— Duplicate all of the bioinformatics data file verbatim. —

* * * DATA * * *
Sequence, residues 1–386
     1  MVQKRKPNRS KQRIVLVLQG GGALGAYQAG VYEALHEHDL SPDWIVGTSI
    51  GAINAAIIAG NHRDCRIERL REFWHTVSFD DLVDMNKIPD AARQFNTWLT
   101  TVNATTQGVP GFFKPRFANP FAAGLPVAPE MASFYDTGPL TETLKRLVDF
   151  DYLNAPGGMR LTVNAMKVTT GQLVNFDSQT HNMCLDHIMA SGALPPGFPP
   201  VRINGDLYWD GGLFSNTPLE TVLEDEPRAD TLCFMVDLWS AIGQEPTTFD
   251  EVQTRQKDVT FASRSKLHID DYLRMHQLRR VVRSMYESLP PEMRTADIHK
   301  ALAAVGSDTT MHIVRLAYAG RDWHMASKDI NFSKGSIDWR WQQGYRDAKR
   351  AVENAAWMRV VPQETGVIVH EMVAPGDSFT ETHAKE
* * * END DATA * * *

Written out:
Sequence, residues 1–386
     1  MVQKRKPNRS KQRIVLVLQG GGALGAYQAG VYEALHEHDL SPDWIVGTSI
    51  GAINAAIIAG NHRDCRIERL REFWHTVSFD DLVDMNKIPD AARQFNTWLT
   101  TVNATTQGVP GFFKPRFANP FAAGLPVAPE MASFYDTGPL TETLKRLVDF
   151  DYLNAPGGMR LTVNAMKVTT GQLVNFDSQT HNMCLDHIMA SGALPPGFPP
   201  VRINGDLYWD GGLFSNTPLE TVLEDEPRAD TLCFMVDLWS AIGQEPTTFD
   251  EVQTRQKDVT FASRSKLHID DYLRMHQLRR VVRSMYESLP PEMRTADIHK
   301  ALAAVGSDTT MHIVRLAYAG RDWHMASKDI NFSKGSIDWR WQQGYRDAKR
   351  AVENAAWMRV VPQETGVIVH EMVAPGDSFT ETHAKE